In general, a beautiful clarinet sound is considered to have five different qualities: depth, stability, focus, clarity, and an appropriate balance of “ring” and “darkness” that’s usually referred to as color. Unfortunately, there are a variety of mistakes or bad habits that can have a negative impact on the above qualities, making your clarinet sound dull or flat. If you find yourself making any of the below mistakes, don’t worry- you aren’t alone! From air speed issues to improper tongue placement or embouchure, here are the most common mistakes made by clarinet players, plus some advice for how to avoid them.
Most new students don’t understand how much air it takes to make a clarinet respond properly. In fact, many don’t strike a balance until they reach an intermediate playing level. Since the impact of air speed greatly affects tone quality, articulation, and response, the speed of the air must be fast enough for the player to feel resistance, and slow enough to produce a focused and clear sound. In order to get the air moving, use the concept of shouting as a guide. Since the concept is familiar to students, asking them to shout “HEY” is a good place to start. Starting with “hey” and refining the tone to “eee” gets the air moving toward the front of the mouth where it belongs. To help increase air speed, your instructor may have you perform an exercise that’s referred to as the Louder Clearer/Softer Clearer Exercise.
In many cases, an instructor will spend a long time on the mouthpiece and barrel before even moving onto the clarinet. If your instructor isn’t doing this, make it a personal goal to revisit the mouthpiece and barrel daily- even if you’re already playing on the entire instrument. When it comes to embouchure, the top teeth and corners are critical: the top teeth (grip) affect focus, while the corners affect endurance and overall tone quality. Most students don’t take in the wrong amount of the mouthpiece. If the clarinet squeaks, you’re taking in too much. If the sound is sharp and metallic, it can be too little. To form the proper embouchure, follow the straw principle: while you’re playing the clarinet, your mouth should be in a similar form as it is when you’re drinking a milkshake through a straw.
Tonguing seems to be the most difficult thing for clarinet instructors to teach, as they can’t actually see what your tongue is doing. The functions of the tongue are to shape the sound, in addition to starting and ending notes. To prevent clarinet players from picking up poor tongue placement, many clarinet teachers establish correct tonguing on the mouthpiece and barrel before even moving to the clarinet. To help establish proper tongue placement, remember that the clarinet sound happens at the front of the mouth, embouchure should be firm, and tongue placement determines shape of the oral cavity. Undertones can be caused by an oral cavity that’s too relaxed, while a tongue that’s too low in the front and floats up high in the back can actually shut down the air supply.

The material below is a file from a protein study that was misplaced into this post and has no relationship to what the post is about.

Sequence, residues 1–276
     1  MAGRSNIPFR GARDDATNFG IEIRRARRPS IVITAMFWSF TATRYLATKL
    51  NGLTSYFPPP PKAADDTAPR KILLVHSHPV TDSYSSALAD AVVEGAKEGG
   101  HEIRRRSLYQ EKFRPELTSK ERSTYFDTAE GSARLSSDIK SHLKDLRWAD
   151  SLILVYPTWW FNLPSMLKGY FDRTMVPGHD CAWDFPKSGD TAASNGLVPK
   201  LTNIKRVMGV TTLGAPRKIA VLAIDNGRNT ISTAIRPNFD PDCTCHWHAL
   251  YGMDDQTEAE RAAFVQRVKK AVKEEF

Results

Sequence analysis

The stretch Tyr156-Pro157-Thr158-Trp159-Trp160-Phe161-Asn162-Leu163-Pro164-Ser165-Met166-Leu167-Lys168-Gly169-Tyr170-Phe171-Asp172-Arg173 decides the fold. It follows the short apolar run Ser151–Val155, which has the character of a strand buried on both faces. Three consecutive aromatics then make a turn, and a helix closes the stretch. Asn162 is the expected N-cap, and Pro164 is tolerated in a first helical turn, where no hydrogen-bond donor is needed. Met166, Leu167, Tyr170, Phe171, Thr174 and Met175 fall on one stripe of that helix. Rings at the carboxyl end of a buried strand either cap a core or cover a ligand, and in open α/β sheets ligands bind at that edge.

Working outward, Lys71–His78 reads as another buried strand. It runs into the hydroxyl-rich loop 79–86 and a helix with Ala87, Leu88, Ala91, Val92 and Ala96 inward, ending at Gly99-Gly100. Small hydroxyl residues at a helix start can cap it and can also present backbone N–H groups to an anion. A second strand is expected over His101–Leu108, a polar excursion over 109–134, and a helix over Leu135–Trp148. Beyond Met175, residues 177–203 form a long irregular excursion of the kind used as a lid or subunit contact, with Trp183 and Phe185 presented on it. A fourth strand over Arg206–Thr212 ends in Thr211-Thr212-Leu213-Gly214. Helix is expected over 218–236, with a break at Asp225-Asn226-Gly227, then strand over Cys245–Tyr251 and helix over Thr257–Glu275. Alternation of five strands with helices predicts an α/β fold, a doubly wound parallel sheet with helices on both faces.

While the equipment and accessories one plays with is the easiest of the factors on this list to control, it’s also one of the most overlooked. A bad clarinet mouthpiece, reed, or ligature will never produce as beautiful a sound as good equipment, even when the clarinet is being played by a professional. Good equipment that’s worn out or in disrepair will hinder, rather than aid, in producing a crisp, clear sound. From clarinet reeds and ligatures to choosing the right mouthpiece, there are a variety of things you’ll need to pay attention to. If you purchased a used clarinet, head to your local repair shop for a diagnostic session. During this session, they’ll evaluate your instrument and determine which equipment is in working order and which equipment should be fixed or replaced before you head to your first lesson.
Knowing the proper mechanics is one thing, but the greater challenge is in turning those mechanics into lifelong habits. Learning proper tonguing from a professional is no different than taking driving lessons before heading to the DMV for your license- if you’re not learning from someone who is qualified, you probably aren’t learning proper technique. This is why finding the right teacher is so important. Not only will they guide you through learning the clarinet, but they’ll be able to recommend you to repair technicians should you ever damage or break your clarinet. So, whether you’re brand new to the clarinet or are picking it up again after a few years of neglect, find a qualified instructor and you’ll be well on your way to forming good habits and enjoying everything the clarinet has to offer.
When it comes to equipment, clarinet reeds are important. Learn How to Choose a Clarinet Reed.